As Lafayette announced a new endowed professorship this week aimed at combining engineering and the liberal arts, research has been showing growing appreciation and need for skills associated with a humanities-based education.
Inside Higher Ed reported in 2015 that only 4.3 percent of graduates with bachelor’s degrees in the humanities were unemployed. Of the other 95.7 percent, 60 percent reported that they are, in fact, in supervisory or managerial roles.
Of the 548 graduates from Lafayette’s class of 2016 who reported their post-grad plans to Career Services, 368 reported full-time employment within six months after graduation. Of the 368, 45 percent of these students were STEM majors. This is a five percent drop from the 50 percent from the class of 2013 survey three years prior.
Harvard professor David J. Deming wrote in the National Bureau of Economic Research about the decline in jobs in STEM occupations both in general and relative to other occupations in recent years.
“The slow overall growth of high-skilled jobs…is driven by a decline in science, technology, engineering, and math (STEM) occupations,” he wrote.
While majoring in STEM fields usually leads students on specific tracks such as health or engineering, humanities majors tend to be more broad. However, Inside Higher Ed reported that skills such as critical thinking, creative thinking and communication skills, which are often fostered through the humanities, have become more desirable.
Lafayette philosophy professor James McLeod recognized the importance of such skills and the advantages students in these majors may attain.
“A really dedicated philosophy major…might be especially good at identifying and questioning assumptions, formulating and presenting arguments, and deciphering difficult texts,” McLeod said. “A serious studio art major or creative writing major might have an edge when it comes to imagining and realizing possibilities, making the most out of limited resources and working long hours in isolation or without supervision.”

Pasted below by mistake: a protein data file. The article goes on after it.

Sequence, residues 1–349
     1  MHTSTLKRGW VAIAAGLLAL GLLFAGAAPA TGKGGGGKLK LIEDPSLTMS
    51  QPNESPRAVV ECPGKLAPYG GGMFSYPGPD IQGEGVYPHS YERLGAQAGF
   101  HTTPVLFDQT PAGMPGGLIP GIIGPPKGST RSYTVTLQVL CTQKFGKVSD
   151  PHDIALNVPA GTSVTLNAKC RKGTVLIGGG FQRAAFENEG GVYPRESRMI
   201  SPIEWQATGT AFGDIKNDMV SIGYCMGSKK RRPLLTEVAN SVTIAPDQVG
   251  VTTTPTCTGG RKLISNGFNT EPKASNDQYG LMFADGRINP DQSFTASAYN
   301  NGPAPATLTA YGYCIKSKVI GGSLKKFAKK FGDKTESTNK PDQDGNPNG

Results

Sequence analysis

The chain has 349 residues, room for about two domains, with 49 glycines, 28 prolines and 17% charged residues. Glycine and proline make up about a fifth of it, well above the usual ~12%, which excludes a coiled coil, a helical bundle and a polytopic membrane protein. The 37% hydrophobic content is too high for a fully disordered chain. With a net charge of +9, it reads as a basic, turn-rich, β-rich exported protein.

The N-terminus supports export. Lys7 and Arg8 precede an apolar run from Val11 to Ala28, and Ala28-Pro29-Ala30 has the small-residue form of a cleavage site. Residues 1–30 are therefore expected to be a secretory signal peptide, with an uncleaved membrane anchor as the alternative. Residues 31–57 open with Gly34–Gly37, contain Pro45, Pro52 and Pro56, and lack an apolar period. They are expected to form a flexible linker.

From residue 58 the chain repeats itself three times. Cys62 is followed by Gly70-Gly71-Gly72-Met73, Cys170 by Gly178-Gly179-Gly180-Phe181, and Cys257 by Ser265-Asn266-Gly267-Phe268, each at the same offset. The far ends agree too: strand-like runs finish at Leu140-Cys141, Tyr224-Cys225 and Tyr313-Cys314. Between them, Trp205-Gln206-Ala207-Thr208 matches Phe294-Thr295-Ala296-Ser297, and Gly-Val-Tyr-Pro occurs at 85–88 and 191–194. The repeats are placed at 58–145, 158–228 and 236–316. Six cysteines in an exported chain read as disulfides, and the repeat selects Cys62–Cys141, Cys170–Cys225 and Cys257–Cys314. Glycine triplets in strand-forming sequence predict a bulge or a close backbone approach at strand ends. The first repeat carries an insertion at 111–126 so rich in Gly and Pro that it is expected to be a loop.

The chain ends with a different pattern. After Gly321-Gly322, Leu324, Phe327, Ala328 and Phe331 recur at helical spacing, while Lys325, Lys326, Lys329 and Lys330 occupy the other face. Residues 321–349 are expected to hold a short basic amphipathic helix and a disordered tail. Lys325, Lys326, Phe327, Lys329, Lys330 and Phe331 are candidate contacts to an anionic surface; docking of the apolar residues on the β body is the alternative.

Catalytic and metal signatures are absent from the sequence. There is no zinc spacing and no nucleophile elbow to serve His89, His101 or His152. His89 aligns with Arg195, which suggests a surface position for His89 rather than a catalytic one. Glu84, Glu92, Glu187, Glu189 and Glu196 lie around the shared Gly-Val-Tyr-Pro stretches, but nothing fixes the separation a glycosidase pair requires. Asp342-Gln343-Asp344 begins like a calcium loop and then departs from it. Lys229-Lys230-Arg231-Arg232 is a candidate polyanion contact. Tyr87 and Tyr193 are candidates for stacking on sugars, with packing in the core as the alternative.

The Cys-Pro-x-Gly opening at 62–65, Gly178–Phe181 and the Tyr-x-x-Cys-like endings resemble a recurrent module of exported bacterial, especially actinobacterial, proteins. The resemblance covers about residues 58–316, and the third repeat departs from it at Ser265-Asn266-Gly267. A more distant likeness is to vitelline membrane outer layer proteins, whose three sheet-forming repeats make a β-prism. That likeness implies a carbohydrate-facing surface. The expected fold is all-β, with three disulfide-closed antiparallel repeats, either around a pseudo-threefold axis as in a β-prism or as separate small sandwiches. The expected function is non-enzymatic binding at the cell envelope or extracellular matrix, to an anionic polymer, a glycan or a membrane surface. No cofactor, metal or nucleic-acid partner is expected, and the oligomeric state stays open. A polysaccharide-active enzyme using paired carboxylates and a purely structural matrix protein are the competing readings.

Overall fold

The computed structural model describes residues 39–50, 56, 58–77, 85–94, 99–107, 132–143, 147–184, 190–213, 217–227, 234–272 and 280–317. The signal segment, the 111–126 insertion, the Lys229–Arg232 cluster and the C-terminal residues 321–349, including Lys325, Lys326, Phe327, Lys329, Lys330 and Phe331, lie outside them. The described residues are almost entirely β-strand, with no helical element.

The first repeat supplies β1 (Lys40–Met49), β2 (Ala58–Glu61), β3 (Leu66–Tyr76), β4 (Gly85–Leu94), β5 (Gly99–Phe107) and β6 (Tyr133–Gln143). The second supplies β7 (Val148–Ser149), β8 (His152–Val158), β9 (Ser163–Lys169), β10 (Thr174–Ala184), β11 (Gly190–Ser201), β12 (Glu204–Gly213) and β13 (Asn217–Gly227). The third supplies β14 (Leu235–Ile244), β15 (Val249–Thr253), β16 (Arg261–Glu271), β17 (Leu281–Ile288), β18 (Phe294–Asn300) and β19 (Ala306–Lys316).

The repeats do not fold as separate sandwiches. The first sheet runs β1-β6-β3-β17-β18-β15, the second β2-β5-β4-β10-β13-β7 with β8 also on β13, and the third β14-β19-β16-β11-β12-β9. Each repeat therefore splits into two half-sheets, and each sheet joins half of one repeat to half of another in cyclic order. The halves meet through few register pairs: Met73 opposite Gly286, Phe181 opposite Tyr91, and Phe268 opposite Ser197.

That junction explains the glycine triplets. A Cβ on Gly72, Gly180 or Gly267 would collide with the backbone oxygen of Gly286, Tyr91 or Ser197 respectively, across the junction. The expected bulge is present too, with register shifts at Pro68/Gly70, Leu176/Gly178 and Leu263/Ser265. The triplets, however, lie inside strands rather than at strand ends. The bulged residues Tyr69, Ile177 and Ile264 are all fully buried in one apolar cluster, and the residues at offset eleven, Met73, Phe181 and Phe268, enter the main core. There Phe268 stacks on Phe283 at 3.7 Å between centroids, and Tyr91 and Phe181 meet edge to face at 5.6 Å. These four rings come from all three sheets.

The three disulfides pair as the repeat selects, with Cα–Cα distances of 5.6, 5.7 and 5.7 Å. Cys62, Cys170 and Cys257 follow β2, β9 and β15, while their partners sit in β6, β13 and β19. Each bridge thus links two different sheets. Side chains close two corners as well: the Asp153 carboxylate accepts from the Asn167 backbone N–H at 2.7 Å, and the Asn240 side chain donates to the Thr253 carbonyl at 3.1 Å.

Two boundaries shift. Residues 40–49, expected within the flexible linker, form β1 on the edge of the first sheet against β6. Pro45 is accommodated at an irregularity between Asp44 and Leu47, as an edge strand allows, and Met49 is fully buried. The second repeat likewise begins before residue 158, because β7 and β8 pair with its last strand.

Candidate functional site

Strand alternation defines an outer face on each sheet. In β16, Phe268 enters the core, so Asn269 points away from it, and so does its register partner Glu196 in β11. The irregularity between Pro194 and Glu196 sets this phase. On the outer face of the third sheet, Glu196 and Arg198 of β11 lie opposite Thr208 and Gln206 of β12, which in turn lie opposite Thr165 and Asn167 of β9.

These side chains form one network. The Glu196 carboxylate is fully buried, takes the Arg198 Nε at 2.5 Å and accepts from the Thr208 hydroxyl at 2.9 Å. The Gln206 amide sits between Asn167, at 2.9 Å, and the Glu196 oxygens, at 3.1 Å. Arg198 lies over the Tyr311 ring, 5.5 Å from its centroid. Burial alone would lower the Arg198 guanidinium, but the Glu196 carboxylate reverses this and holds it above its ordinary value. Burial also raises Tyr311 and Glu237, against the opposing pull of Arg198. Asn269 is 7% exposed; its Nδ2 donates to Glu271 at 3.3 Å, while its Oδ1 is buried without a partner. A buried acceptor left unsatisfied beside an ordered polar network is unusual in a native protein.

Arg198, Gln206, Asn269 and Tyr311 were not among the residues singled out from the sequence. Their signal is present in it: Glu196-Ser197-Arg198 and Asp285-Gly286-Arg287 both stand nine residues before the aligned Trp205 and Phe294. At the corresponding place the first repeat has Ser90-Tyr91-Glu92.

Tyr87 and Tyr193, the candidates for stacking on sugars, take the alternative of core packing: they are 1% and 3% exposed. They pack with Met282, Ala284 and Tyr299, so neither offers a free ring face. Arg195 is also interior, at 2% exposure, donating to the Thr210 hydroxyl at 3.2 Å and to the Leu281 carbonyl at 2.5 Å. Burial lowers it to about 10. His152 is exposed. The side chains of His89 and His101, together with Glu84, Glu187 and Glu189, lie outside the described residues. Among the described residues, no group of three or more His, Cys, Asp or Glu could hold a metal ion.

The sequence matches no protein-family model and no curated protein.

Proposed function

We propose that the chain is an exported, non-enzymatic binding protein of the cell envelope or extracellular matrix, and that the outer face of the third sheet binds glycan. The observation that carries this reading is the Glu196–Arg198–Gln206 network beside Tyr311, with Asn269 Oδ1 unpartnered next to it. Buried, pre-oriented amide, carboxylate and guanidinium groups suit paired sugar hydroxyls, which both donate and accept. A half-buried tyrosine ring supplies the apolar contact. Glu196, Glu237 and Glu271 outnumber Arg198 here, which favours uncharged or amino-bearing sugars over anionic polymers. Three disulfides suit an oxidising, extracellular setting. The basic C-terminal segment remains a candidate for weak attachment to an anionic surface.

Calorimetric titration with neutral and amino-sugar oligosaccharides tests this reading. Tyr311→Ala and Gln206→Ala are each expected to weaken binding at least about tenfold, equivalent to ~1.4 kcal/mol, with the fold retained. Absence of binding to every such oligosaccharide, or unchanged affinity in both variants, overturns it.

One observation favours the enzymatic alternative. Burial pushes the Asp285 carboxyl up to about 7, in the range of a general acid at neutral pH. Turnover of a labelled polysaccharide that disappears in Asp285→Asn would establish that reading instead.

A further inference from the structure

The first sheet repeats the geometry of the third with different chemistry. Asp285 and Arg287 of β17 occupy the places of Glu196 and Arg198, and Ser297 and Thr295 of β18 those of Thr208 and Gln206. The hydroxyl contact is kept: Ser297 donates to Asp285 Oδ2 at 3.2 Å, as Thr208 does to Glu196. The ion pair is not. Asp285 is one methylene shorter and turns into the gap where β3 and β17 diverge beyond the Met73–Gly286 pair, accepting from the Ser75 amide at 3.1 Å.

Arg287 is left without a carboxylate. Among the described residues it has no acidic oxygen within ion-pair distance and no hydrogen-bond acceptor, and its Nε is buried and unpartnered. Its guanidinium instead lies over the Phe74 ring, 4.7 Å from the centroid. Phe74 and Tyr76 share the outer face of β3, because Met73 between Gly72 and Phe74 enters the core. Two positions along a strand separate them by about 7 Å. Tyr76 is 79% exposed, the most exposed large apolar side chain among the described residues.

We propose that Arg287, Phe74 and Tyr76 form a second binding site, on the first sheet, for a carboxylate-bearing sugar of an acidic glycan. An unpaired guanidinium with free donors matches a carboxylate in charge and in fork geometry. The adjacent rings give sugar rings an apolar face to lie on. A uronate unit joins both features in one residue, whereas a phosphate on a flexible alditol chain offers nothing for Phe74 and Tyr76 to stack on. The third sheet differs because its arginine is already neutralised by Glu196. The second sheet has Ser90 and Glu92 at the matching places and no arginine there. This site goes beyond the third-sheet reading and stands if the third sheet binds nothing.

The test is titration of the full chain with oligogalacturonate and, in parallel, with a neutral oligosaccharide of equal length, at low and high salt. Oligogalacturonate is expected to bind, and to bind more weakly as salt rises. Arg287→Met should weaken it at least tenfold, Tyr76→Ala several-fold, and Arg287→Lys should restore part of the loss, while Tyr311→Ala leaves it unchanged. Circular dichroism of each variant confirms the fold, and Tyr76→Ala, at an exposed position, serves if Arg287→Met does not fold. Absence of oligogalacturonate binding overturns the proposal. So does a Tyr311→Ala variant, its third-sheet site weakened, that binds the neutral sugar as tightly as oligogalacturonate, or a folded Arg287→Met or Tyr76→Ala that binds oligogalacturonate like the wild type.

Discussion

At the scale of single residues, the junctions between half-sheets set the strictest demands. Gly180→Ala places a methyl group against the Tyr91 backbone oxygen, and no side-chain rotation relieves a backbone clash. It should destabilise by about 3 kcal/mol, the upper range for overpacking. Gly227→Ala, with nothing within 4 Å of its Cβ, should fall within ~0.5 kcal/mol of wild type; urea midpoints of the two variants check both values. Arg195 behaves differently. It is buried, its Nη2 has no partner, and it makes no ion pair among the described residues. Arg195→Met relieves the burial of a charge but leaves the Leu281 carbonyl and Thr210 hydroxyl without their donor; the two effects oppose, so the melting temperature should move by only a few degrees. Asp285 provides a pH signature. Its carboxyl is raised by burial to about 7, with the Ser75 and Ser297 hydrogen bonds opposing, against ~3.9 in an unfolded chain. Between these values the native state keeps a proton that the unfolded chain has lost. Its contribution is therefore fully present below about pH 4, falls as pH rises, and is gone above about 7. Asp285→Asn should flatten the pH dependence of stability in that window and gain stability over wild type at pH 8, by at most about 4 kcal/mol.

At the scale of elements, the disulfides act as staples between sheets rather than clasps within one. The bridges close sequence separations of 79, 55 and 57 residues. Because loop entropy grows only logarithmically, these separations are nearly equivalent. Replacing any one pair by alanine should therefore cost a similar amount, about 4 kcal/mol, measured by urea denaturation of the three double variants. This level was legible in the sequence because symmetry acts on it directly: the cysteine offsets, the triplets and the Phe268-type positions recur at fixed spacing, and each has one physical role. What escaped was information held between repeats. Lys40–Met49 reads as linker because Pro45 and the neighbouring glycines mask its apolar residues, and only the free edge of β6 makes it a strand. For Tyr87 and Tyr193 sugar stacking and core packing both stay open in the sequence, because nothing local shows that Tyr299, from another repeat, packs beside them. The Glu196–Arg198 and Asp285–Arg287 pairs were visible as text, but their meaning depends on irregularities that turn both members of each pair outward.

While finding employment itself for humanities majors may be growing easier, incomes may not be following the trend.
Based on the study from the American Academy of Arts & Sciences, in 2015 the median salary of people with a humanities degree was $52,000. This is lower than the median salary of $60,000 for all graduates and $82,000 for engineers. Recent studies have, however, shown that this disparity in the pay gap shortens over time.
President Alison Byerly, who herself was an English major, said she feels the college tries to sufficiently support both STEM and humanities majors after graduation.
“I think we do a very good job of supporting students the humanities as well as engineering. Because engineering is kind of a more defined career path, sometimes it’s easier to see where people go…but we send students on to such a wide range of interesting jobs who have majors in English or history or other humanities fields,” Byerly said.